I think the key role of a press officer would be to point people in the
direction of someone who is in the best position to respond to it.

Robert

scary boots

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Jun 28, 2011, 10:37:39 AM6/28/11
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Ah, you're a journo. Of course you hate press officers, but you also need us. Most organisations, most of the time aren't covering up malpractice. In these cases, we save you from having to wade through every bumbling member of staff before hitting the one guy who can tell you what you need. In the cases where the press officer is doing damage limitation.. what do you expect, it's the information age (excuse me while I puke).

Agree with you Robert that a Hackspace press officer would have few if any of the downsides already mentioned due to the lack of a command structure/sanctions.

I'd do it, but I don't know you guys well enough and fear conflict of interest.

tom

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Jun 28, 2011, 10:45:37 AM6/28/11
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can I be the face of LHS?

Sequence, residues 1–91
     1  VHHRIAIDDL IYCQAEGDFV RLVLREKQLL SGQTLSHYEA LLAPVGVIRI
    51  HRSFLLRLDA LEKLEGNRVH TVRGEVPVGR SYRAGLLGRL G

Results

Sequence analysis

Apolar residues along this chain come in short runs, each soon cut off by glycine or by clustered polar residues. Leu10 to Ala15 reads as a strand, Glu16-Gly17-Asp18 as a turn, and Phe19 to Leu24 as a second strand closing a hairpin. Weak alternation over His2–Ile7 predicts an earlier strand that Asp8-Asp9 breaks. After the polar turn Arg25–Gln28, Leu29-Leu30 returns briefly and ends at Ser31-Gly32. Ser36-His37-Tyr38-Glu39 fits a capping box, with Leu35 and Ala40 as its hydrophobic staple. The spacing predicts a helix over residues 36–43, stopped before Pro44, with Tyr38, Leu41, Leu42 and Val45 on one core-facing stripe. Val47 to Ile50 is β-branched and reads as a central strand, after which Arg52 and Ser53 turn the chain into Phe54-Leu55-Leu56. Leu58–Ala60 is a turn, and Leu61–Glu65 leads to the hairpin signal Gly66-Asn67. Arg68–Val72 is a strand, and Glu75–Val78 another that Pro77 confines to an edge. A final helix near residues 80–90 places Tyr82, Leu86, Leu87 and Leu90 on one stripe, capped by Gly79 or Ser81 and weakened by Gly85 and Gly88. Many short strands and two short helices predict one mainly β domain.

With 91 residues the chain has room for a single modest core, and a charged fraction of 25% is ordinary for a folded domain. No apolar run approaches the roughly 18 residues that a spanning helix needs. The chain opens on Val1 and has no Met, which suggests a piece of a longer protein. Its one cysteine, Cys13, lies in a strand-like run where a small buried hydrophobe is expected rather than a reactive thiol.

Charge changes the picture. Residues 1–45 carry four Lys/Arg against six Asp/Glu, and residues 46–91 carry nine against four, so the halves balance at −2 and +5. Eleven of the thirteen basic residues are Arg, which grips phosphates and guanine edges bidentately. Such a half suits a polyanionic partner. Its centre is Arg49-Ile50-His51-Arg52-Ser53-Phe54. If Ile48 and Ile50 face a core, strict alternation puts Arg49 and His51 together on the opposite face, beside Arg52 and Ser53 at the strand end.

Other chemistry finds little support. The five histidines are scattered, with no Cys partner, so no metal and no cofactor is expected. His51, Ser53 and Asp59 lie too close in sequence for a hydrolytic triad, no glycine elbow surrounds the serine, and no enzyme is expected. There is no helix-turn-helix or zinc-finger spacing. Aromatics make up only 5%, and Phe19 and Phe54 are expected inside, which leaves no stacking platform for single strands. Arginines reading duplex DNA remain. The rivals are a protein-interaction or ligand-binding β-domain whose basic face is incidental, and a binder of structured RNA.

I attach my photo to help you decide

http://www.trollface.net/trollface.png

Ravi Kotecha

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Jun 28, 2011, 10:45:55 AM6/28/11
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I'm not sure why we want to give consistent replies to queries, I'd be pretty happy with an IRC-to-Twitter bot which any of the @ops can reply to. 

Having a press officer is something that might be valuable but I'm not sure manning the twitter account should be their responsibility because a lot of the queries ("when can I come and visit?") won't be from the press.

George Buckenham

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Jun 28, 2011, 11:36:49 AM6/28/11
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I've always been a fan of IRC-Twitter gateways. I liked
@londonlinkspace when it was about, because it let me know what people
in #london-hack-space were chatting about without having to catch up
on the channel itself (until I had something to say). The flipside is
that the channel gets polluted with tweets, and that that people on
IRC aren't always the most respectable face of an organization.
'Course, I'm not sure we need respectability, but there you go. And it
also means that the twitter account might become a little chattier,
and less announce-only.

--G

Sam Cook

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Jun 28, 2011, 12:12:30 PM6/28/11